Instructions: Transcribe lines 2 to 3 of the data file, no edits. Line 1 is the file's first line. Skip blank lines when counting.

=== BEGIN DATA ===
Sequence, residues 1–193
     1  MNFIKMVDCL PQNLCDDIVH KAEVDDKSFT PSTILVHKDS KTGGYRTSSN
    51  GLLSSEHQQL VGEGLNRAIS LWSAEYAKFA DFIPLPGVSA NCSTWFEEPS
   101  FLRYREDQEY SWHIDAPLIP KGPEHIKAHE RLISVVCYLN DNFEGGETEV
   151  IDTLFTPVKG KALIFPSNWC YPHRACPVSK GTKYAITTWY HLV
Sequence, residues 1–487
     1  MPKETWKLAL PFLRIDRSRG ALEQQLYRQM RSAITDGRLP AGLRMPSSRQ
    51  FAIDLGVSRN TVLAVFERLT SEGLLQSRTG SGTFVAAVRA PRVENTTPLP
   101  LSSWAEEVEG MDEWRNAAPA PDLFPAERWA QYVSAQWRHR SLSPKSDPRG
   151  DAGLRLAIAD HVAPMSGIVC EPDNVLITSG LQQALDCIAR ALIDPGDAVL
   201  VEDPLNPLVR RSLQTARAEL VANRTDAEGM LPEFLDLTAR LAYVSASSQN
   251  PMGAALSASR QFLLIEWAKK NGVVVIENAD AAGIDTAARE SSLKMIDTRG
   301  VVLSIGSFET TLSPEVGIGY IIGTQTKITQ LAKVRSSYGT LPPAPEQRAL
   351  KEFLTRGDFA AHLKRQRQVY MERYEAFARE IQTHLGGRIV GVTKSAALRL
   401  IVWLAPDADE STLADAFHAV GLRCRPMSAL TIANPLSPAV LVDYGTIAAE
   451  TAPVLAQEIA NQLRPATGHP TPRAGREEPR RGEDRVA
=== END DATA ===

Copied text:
     1  MNFIKMVDCL PQNLCDDIVH KAEVDDKSFT PSTILVHKDS KTGGYRTSSN
    51  GLLSSEHQQL VGEGLNRAIS LWSAEYAKFA DFIPLPGVSA NCSTWFEEPS